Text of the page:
Tecnologies per llicenciar

Dypes: a dynamic microsimulation tool to analyze pension systems

Advantages

  • Flexibility given the modular structure.
  • The model accounts for individuals reactions to changes in financial incentives to retire. It is therefore a tool particularly suitable for analysing reform effects focusing in different population groups.
  • The main events are modelled in continuous time.
  • Dypes uses a starting population sample to better feet with the reality.

Access

Dypes©UB is available under different licensing models.

Reference

AVCRI274

Contact

Isabel Durán
Email: iduran@fbg.ub.ed
Tel: +34 934 037 281

Executive summary

A research group, with wide experience on pensions and microsimulation, has developed a dynamic microsimulation model to analyse the performance of pensions systems in the long term.

Introduction

The majority of developed countries are facing a population aging process that may threat the sustainability of their social protection programmes. In a context of rising long-term care costs and increasing pension’s bill, the concern about the necessary reforms to make the system sustainable is fully justified. Reform proposals vary from a complete restructuring of the system – like a switch to a true or to a notional capitalisation system – to marginal adjustments of the legal parameters of the current system.

The dynamic microsimulation model Dypes is a useful tool to analyse the effects of pension system reforms. The flexibility of the model allows to focus in different aspects of the reforms:

  • Consider both the system sustainability and pension level adequacy,
  • Looking at the differential impact of changes in financial incentives by population groups (males and females and different working careers).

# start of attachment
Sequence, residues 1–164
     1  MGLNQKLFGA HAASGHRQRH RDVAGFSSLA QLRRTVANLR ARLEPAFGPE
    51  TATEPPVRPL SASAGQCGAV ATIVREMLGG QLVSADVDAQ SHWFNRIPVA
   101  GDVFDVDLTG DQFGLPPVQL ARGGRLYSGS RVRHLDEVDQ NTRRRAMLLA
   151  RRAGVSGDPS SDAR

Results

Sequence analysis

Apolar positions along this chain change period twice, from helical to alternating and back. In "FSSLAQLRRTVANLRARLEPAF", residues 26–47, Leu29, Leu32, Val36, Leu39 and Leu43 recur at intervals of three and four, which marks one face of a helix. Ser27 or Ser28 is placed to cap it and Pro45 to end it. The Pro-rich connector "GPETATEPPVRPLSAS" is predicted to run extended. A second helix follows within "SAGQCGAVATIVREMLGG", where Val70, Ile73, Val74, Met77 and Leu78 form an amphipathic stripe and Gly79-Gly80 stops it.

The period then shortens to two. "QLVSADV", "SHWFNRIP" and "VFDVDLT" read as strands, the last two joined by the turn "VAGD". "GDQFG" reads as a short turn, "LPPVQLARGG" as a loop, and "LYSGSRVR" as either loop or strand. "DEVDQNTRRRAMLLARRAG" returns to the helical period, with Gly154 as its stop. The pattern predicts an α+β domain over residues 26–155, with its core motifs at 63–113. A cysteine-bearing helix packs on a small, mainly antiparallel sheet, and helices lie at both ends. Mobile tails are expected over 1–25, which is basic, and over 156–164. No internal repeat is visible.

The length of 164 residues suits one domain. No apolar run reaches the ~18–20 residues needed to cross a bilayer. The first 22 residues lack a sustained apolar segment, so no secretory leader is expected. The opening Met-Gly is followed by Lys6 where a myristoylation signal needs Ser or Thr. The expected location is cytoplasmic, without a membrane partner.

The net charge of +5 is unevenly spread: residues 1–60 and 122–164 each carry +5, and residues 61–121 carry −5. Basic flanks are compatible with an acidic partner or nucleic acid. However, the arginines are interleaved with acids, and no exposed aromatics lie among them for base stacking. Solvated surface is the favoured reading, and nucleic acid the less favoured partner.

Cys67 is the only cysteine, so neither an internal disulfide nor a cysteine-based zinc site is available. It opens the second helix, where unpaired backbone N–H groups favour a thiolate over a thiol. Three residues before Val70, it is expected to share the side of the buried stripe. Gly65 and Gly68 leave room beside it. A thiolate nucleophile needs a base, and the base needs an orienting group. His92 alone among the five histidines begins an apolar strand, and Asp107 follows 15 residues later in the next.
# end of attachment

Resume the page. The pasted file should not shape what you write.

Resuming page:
The first issues conform the two main pillars of the European Commission concerns in terms of pension’s policies. The second can be useful to design appropriate responses from the private sector.

Description

Dypes simulates in continuous time the main events of individual’s life up to 2060: education, labour entry, labour market transitions, unemployment spells and, finally, retirement and mortality.

It employs available information on the probabilities of each transition by population groups and –unlike other microsimulation models- it uses a starting population sample with information on working careers to improve simulation results.

Dypes also incorporates advanced behavioural modules to capture individual’s reactions to both business cycle fluctuations and changes in retirement incentives.

Current stage of development

Dypes is currently working both in time based and case based version. It has been used to analyze the effects of the 2011 and 2013 reforms of the Spanish pension system.

 

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Tags: Social Sciences, Cultura i experiència